Moreover, simple liturgical communion vessels – cups and bowls made out of wood – illustrate the puristic ideas of Zwingli, oriented simply towards the word of the Bible. Since last year, a historical garden with herbs and vegetables has been created. Change of location: The city of Chur is an important trading and railway hub in the Southeast of Switzerland, then and now a bishop's see and capital of the canton of Grisons. The old towns with its many alleys, shops and restaurants may also be explored from the point of view of Church History, historical-classical or scenic in costumes with a city guide like Peter Laube, the former tourism director.

The Helferei is one of the buildings of the ensemble of the Grossmünster in Zurich. It became important as the residence of the Reformer Ulrich Zwingli. The chamber of Zwingli, displayed on this picture on the 1st floor belonged then to his apartment, in which he lived with his family. (Photo: epd-bild/Gion Pfander)

John (Johannes) Comander (1484-1557) in particular is important for the Reformation in Chur. “Student years spent together in Basel tied him to Zwingli, in 1523 he was appointed to the Church of St. Martin in Chur and joined the reformatory movement shortly thereafter, reports Laube.

That in the Three Leagues – the Grey League, the League of the Ten Jurisdictions and the League of God’s House, the nucleus of today's canton – a perceptible will to reform the ecclesiastical order and began to be articulated with the participation of secular political authorities can also be seen in Ilanz, the “City of the Reformation”.

Reformation with the participation of secular political authorities

In Ilanz, Marianne Fischbacher, curator of the local Museum Regiunal Surselva waits for us at the town hall, above Landsgemeinde Square. “Here is the starting point of a walk around the town on local and reformation history”. Here, Comander defended his reformed faith in 1526 in a disputation. The “Articles of Ilanz” (1524 and 1526) then paved the way for the Reformation, first by isolating the bishop of Chur from the secular power, then by gaining the right to freely choose and  dismiss the priests.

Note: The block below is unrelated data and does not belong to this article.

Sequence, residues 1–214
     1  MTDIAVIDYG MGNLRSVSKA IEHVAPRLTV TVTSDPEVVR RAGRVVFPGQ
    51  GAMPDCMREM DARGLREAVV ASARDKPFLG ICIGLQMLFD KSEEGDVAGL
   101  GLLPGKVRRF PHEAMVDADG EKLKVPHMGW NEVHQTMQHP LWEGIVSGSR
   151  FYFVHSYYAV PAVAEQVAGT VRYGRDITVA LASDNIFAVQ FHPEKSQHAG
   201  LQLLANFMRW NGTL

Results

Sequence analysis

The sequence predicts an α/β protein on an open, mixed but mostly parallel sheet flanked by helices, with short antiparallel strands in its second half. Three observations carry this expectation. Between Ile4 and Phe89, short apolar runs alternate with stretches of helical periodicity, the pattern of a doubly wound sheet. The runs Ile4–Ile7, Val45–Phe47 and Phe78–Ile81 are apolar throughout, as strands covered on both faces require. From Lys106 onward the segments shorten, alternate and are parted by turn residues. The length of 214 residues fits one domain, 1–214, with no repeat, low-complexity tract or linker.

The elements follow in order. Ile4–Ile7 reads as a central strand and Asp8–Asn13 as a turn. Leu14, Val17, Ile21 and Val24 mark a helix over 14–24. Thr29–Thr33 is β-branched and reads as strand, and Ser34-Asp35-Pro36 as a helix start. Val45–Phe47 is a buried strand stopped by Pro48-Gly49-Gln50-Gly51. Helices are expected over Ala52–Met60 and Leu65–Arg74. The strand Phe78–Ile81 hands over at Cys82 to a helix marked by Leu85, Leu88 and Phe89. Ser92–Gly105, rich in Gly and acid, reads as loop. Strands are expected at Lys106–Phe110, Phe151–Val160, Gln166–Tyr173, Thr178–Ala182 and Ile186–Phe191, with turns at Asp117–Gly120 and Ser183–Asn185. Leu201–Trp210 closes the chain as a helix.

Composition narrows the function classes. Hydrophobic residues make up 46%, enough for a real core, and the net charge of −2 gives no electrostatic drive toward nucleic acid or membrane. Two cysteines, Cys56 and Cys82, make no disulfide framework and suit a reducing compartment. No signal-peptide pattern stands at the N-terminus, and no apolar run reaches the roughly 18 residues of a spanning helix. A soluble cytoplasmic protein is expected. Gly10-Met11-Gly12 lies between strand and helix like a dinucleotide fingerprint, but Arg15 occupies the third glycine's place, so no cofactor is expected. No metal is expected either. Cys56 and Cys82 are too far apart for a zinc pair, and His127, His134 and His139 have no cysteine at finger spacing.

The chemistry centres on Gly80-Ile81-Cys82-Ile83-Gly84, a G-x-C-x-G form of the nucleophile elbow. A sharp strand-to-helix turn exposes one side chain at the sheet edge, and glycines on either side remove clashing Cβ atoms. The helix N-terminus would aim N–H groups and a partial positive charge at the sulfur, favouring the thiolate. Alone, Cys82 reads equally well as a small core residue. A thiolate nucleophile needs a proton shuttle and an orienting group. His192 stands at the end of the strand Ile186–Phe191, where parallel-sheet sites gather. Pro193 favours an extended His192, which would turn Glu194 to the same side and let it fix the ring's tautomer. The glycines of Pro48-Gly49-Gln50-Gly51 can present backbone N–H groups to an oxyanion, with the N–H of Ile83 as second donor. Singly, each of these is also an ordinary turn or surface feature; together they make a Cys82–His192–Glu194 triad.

The tour includes twelve stations along the reformed Church of St. Margarethen with its ceiling paintings of the renaissance and the regional museum. There, a special exhibition “The cross or the rooster” on the events of the Reformation era and the coexistence of the confessions will be on display until Easter 2018.

Displayed are photos and exhibits, like a statue of the Virgin Mary, which, according to a legend was thrown around 1530 by the reformed inhabitants of Duvin into the valley and saved from the waters of the creek Glenner by catholic inhabitants of Peiden. There is a lot to discover on the traces of the Reformation in Switzerland.



Source:epd Date:15-08-17
anniversary of the Reformation, Switzerland, Zwingli, Calvin, Luther, Chur, Ilanz

John Calvin

Next to Martin Luther, John Calvin is considered the most influential reformer. Until today, Calvinism is one of the most widespread streams of Protestant faith.

Ulrich Zwingli

Encouraged by the success of the Wittenberg reformers, Zwingli publicly criticised the Roman -Catholic church. After 1529 he began to promote more radical changes. Zwingli died as preacher with the troops, sword in hand.